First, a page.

To a teen, there is no such thing as snacktime. Snacks are fair game any time, any place. There is nothing terribly wrong with snacking now and then, says Bissex. She says it's okay for teens to eat as much as six times a day, and three of those times can be for snacking. The following snacks are great for breakfast, lunch, and after school, or for teens who are always on the go.
Most veggies have virtually no calories but plenty of nutrients. A couple of carrots a day will not only provide double your teen's daily beta-carotene requirements, but it'll also lower his cholesterol. Like broccoli, it will reduce the risks of cancers like lung, throat, stomach, prostate, and breast cancer. Celery lowers blood pressure and cauliflower adds cancer-fighting glucosinolates.
Add flavor to these crudites by dipping them in homemade avocado and tomato guacamole for an appetizing snack. Avocado is an excellent source of vitamin E along with many other vitamins and minerals.
Recommended Serving Size: 1 1/4 cup of carrots, 35 calories 3/4 cup of celery, 7 calories 1 cup cauliflower, 34 calories 2/3 cup broccoli, 33 calories 1/2 avocado, 145 calories 1/2 large tomato, 17 calories
Granola bars are a solution to the no-time-for-breakfast excuse. Some form of breakfast will help kids be more attentive and therefore do better in school and excel in sports, as well as prevent them from hitting the vending machines right after homeroom. Add a glass of skim milk for a fat-free calcium boost -- a quarter of the recommended daily allowance (RDA). The nuts, dried fruit, and seeds in granola bars make them high in fiber and omega-3 fats and an excellent source of energy. It's wise to avoid granola that is high in saturated fats.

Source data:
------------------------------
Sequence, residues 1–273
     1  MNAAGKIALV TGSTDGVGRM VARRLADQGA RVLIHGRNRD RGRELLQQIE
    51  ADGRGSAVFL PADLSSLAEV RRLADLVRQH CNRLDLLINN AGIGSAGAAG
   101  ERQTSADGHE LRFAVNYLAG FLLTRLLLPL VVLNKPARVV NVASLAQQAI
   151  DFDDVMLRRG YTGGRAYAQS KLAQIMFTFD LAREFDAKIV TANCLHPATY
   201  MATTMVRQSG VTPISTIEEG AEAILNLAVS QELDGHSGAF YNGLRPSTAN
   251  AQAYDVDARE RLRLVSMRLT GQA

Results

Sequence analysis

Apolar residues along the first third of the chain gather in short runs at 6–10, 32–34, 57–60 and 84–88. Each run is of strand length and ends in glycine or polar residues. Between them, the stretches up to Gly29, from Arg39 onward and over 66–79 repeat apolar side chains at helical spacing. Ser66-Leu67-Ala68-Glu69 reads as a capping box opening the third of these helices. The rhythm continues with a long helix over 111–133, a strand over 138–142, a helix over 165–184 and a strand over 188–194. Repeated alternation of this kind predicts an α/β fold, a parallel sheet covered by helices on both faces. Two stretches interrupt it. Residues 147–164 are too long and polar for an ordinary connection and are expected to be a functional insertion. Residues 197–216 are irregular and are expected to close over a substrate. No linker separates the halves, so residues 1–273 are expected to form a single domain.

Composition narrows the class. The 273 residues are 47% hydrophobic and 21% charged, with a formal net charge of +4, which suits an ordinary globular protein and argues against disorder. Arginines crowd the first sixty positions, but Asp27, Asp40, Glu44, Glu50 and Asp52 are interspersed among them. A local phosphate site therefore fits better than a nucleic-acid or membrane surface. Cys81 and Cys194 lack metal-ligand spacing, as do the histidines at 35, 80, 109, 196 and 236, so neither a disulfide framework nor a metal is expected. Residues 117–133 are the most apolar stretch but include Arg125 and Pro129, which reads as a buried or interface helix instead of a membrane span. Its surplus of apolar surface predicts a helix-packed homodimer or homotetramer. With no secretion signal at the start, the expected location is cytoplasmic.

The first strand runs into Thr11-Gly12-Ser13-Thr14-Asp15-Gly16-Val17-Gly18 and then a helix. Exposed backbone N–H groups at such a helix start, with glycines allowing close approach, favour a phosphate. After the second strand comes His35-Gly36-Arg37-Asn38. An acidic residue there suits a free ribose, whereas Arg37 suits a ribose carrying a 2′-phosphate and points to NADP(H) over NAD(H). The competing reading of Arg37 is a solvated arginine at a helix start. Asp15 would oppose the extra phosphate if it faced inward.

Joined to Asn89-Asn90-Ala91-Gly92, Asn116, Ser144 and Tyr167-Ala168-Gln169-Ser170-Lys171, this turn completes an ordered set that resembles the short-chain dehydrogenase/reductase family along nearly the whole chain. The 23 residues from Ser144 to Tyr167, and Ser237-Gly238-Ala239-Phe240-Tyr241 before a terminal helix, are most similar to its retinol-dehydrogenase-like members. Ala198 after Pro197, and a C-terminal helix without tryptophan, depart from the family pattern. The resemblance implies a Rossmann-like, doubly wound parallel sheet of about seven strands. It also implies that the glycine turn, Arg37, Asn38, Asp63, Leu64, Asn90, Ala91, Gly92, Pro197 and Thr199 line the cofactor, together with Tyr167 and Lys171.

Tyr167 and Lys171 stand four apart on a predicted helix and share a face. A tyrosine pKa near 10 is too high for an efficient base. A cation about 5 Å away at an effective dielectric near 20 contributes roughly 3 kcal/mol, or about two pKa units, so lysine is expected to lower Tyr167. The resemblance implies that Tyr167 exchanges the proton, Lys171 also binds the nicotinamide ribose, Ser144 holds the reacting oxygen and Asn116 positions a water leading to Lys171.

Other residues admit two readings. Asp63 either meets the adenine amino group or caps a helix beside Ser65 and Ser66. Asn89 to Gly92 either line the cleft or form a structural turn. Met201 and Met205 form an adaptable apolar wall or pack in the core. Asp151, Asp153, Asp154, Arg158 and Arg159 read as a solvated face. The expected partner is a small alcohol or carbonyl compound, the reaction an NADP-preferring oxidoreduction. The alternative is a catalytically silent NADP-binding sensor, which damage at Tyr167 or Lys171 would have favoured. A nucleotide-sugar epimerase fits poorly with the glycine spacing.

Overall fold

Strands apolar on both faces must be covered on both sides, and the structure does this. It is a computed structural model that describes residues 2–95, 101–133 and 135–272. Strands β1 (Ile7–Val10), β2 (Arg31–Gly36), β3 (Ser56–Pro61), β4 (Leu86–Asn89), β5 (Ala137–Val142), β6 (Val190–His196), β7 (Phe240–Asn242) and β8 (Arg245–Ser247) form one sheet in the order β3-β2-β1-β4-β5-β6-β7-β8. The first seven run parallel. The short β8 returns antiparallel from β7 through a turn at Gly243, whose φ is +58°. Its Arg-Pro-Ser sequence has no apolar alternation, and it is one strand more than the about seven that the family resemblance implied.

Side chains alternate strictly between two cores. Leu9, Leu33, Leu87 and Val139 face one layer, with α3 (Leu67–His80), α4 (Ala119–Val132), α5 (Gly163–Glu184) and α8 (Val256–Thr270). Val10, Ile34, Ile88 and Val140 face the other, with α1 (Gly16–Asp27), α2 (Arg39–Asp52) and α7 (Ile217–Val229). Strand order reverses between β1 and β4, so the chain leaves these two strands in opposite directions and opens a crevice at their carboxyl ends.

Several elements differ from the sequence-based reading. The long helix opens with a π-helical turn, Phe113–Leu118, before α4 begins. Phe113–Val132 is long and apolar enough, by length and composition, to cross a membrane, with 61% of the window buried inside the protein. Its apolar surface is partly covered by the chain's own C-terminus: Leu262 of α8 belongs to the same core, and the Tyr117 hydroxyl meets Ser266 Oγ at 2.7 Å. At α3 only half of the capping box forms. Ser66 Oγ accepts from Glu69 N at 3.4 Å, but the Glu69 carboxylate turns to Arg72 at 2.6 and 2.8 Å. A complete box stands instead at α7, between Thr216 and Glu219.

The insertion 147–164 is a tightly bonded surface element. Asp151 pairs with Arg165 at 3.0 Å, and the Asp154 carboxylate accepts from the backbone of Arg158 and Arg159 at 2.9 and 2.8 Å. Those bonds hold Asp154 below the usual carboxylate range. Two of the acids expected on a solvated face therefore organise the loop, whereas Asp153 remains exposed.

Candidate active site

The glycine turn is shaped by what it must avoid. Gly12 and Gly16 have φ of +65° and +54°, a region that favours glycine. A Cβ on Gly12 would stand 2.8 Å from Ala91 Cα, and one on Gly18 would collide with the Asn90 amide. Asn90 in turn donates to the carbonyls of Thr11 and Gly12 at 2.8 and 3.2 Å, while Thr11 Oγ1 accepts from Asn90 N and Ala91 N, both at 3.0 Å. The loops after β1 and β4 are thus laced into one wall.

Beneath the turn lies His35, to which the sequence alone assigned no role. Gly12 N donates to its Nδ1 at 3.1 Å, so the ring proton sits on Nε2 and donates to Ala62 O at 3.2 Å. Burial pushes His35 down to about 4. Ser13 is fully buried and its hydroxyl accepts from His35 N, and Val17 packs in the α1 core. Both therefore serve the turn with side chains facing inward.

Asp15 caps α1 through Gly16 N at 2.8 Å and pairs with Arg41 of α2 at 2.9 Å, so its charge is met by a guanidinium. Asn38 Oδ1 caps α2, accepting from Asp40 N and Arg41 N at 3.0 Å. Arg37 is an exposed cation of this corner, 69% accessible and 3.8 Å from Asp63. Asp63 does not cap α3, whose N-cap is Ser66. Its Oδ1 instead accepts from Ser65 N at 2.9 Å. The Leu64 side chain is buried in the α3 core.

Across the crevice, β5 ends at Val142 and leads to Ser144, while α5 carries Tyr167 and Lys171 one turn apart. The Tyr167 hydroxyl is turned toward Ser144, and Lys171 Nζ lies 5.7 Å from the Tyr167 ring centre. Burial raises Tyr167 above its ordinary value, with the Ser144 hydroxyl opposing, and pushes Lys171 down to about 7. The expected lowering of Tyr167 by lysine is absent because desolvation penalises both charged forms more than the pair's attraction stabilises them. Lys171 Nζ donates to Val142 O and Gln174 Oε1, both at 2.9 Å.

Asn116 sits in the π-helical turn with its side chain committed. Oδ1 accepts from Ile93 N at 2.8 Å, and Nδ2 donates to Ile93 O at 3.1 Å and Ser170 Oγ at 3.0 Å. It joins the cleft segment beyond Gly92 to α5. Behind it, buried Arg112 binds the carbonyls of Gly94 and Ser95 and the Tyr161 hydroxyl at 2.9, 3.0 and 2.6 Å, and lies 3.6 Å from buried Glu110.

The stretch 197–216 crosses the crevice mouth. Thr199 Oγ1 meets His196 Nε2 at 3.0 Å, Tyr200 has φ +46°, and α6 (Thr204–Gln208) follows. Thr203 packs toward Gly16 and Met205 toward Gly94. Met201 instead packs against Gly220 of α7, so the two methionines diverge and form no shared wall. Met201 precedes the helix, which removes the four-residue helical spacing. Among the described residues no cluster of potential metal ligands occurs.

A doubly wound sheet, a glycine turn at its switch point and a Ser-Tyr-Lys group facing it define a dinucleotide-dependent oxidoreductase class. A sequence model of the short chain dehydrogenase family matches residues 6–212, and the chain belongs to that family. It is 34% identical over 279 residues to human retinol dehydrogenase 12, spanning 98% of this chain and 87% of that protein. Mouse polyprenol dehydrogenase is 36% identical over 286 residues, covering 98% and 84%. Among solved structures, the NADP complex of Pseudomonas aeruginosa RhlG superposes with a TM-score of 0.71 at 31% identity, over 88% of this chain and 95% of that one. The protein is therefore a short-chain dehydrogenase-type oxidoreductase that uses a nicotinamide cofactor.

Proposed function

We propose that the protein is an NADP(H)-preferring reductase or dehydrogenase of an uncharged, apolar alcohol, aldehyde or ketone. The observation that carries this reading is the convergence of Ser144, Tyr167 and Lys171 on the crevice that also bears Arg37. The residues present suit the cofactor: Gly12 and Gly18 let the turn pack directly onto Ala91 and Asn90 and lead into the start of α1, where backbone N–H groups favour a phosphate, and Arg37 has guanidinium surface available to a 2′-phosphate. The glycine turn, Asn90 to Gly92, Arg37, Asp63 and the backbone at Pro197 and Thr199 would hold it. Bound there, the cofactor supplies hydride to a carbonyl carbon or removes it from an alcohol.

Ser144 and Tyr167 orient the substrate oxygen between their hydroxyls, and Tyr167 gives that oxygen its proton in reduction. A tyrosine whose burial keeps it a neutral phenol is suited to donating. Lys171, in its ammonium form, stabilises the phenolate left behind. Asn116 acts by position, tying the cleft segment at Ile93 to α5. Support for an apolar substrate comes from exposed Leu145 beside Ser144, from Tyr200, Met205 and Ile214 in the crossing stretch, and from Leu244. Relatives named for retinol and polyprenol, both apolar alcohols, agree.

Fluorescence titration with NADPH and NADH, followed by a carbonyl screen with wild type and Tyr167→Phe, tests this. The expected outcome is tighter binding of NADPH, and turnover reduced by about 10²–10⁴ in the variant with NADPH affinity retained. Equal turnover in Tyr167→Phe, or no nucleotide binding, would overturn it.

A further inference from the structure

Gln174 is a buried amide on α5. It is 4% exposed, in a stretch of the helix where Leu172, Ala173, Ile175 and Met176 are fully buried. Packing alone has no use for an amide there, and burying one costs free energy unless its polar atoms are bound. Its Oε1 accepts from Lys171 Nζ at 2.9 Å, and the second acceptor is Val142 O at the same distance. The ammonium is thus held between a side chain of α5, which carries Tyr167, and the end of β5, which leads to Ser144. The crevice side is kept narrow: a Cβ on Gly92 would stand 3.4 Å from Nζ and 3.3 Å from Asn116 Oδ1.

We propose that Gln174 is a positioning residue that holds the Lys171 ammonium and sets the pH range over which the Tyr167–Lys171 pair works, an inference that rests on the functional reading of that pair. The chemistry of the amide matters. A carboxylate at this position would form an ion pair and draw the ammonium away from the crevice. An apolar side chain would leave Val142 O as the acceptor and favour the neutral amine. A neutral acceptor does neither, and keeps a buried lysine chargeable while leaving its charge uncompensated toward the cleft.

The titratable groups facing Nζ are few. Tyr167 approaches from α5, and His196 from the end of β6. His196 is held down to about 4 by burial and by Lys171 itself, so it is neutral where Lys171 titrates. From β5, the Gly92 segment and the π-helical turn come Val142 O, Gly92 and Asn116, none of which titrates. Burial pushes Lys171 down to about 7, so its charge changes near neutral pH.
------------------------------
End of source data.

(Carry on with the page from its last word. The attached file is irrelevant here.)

Recommended Serving Size: 1 granola bar, 200 calories 8 ounce glass of milk, 80 calories
Plain low-fat yogurt is an excellent source of calcium; an eight-ounce cup fulfills 45 percent of the RDA and has protein for the immune system. Low-fat or nonfat frozen yogurt might not have all the benefits of regular yogurt, but it tastes great and it's a much better alternative than ice cream.
If your kids like nuts, sprinkle on some cashews and walnuts. Most nuts contain high amounts of iron, zinc, and magnesium and the fat is mostly unsaturated. It's good to eat fresh, plain nuts, not salted.
Recommended Serving Size: 1/3 cup of cashews, 287 calories 1/4 cup walnuts, 177 calories 8 ounce cup of yogurt, 190 calories
While your teen is on the computer, playing video games, or watching television, slide a bowl of freshly sliced mangoes and some firm grapes in her direction. It'll keep her out of the kitchen for sodas and chips until dinnertime.
You can't compliment a mango enough. This delicious tropical fruit provides 150 percent of the RDA for the cancer-fighting nutrient beta-carotene. It's loaded with fiber and potassium. Plus it'll fulfill a day's requirement of vitamin C. Grapes help reduce heart disease.
Recommended Serving Size: 1 mango, 107 calories 2/3 cup of grapes, 60 calories
Kids tend to experiment with vegetarianism in their teenage years. But that doesn't mean you need to worry about them missing the nutrients found in meat or fish. "You can eat as a vegetarian and eat a very healthy diet," says Bissex.
Hummus -- a chickpea puree -- is a common vegetarian spread with lots of iron and magnesium. Spread some on whole wheat pita bread (for fiber) and it'll make a satisfying snack or lunchtime food.
Recommended Serving Size: 2 tbsp. of hummus, 83 calories 1 piece of whole wheat pita bread, 195 calories
Peanut butter, like peanuts, is high in fat and calories. But the good news is that the fat is unsaturated and your kids need a lot of calories anyway. Plus peanut butter is packed with iron. Sandwich peanut butter between some graham crackers and add slices of apples for a satisfying after-school snack.
Recommended Serving Size: 1 1/2 tbsp. peanut butter, 156 calories
Continued on page 3: 3 Simple Superfood Meals